Not long ago, I asked Pastor Colin about the difference between meditation and prayer, as the two can be hard to distinguish, and understandably so. His reply: “In Scripture, God speaks to us. In prayer we speak to him. What God says to us prompts what we say to him.”
To meditate, then, is to think deeply about what God has said to us in the Bible and to prepare our minds and hearts for prayer. Scripture is the foundation of our praying; meditation readies us for it by helping us focus, understand, remember, worship, and apply.
Meditate to Focus
I will meditate on your precepts and fix my eyes on your ways. (Psalm 119:15)
Whether we read the Bible in the morning, over our lunch break, or before bed at night, our schedules and responsibilities tend to assail us with distractions. In fact, distractions are a tool the enemy of our souls uses to take our eyes off Christ and to keep us from hearing God clearly in his Word.
Aleph says in Psalm 119 that he fixes his eyes on God’s ways. As wayward humans with many pursuits, temptations, and people vying for our attention, we are greatly helped by meditation, which leads us to fix our eyes on the Lord and tune out distractions…even if only for five or ten minutes. Focusing on what we are reading in the Bible provides us clarity when we enter into prayer.
Meditate to focus on how God is speaking to you through his living and active Word.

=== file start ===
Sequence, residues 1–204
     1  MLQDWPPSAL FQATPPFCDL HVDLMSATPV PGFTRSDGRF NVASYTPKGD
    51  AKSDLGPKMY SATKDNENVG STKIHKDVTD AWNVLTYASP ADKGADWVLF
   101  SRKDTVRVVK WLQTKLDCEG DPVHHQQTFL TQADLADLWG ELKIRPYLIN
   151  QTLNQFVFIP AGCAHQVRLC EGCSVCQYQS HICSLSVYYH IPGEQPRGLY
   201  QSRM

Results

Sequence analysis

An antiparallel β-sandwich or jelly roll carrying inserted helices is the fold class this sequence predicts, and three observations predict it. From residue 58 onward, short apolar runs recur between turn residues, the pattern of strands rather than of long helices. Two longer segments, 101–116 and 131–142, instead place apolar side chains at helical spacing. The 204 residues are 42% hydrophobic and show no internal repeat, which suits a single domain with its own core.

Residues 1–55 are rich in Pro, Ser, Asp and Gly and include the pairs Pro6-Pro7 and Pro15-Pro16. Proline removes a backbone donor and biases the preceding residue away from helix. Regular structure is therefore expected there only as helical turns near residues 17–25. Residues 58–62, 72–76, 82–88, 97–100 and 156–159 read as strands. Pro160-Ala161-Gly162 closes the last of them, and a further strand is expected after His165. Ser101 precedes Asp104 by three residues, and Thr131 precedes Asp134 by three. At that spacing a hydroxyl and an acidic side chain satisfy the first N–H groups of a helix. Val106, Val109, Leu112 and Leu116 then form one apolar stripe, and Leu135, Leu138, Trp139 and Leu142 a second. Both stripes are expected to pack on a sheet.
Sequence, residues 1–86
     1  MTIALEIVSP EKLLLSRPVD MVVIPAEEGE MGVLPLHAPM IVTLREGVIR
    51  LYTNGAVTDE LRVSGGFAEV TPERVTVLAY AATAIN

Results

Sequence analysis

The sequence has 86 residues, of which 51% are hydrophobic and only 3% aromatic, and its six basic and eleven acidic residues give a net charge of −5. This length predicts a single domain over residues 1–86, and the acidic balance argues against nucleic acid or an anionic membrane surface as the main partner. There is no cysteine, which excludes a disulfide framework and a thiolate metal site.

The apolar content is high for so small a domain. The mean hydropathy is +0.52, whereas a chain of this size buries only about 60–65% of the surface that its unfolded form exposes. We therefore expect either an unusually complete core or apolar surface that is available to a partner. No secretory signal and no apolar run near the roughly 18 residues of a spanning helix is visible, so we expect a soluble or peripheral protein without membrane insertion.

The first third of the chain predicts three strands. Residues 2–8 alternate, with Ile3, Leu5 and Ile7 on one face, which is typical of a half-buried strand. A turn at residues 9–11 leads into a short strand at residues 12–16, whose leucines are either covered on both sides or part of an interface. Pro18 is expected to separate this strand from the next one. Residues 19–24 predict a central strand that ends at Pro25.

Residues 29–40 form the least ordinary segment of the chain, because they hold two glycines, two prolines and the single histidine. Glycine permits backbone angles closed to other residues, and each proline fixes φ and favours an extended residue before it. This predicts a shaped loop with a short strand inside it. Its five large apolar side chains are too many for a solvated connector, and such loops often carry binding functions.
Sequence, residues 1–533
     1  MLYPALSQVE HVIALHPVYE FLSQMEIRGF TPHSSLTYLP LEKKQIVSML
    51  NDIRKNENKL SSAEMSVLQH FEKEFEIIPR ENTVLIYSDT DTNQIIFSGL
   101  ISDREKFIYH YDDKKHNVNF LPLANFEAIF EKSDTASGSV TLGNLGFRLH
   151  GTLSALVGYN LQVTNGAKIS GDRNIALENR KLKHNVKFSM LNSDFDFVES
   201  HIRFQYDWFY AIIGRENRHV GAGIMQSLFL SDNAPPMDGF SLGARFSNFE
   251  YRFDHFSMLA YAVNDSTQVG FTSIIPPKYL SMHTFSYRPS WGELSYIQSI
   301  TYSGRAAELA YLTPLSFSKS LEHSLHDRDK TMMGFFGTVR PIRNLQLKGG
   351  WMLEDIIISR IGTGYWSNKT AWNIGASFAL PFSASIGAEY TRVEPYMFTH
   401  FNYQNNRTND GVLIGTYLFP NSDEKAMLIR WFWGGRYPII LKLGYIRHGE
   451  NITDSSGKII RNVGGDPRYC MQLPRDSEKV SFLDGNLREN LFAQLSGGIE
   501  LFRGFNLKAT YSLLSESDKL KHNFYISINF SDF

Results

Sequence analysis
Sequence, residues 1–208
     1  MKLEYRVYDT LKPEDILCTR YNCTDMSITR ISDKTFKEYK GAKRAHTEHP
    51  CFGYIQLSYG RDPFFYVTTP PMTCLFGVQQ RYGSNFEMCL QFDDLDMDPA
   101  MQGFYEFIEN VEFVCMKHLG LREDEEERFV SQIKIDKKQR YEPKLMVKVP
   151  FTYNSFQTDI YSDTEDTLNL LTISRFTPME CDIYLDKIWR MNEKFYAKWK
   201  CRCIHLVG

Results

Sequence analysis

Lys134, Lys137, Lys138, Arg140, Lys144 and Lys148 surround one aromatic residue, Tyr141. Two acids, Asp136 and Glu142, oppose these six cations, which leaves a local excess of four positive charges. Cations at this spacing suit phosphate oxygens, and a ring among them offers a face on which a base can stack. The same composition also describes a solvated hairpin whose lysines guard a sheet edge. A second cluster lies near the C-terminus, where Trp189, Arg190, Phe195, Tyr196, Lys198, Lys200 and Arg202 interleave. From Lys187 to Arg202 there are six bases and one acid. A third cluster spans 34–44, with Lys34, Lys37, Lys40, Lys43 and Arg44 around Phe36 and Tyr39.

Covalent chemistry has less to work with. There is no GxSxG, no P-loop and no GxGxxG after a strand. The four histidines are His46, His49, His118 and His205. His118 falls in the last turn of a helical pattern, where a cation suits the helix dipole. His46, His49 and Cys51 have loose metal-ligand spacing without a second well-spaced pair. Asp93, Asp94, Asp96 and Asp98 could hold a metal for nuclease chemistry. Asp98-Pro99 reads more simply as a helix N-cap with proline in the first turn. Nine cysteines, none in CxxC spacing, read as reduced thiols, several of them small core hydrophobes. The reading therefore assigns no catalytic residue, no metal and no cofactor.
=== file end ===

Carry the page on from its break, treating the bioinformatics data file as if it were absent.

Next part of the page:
Meditate to Understand
Make me understand the way of your precepts, and I will meditate on your wondrous works. (Psalm 119:27)
When we meditate on the Word of God, we seek to understand how the God of the universe is speaking: about himself, about our world, and about our own hearts. We can begin our Bible reading by praying along with the Psalmist, “Make me understand your way!” God delights to answer this prayer.
Some questions to ask during meditation include: Why is this passage important? What do I need to know? What does it say about God? What does it say about me? How does this reading point to Jesus?
Meditate to understand what God is communicating to you through his Word.
Meditate to Remember
I remember the days of old; I meditate on all that you have done; I ponder the work of your hands. (Psalm 143:5)
The whole Bible is one grand story that all the way through points to Jesus Christ. When we meditate on Scripture, we do so to remember all that God has done in his great redemption story and how he sent Christ to save a people from their sin. We ponder the work of God’s hands.
Remembering in meditation may also bring us to ponder all that God has done in our own lives: how he saved us in Christ, what opportunities he is giving us to share the Good News with others, and what we have learned about who God is throughout our days.
Meditate to remember all that God has done through the gospel of grace.
Meditate to Worship
…but his delight is in the law of the Lord, and on his law he meditates day and night. (Psalm 1:2)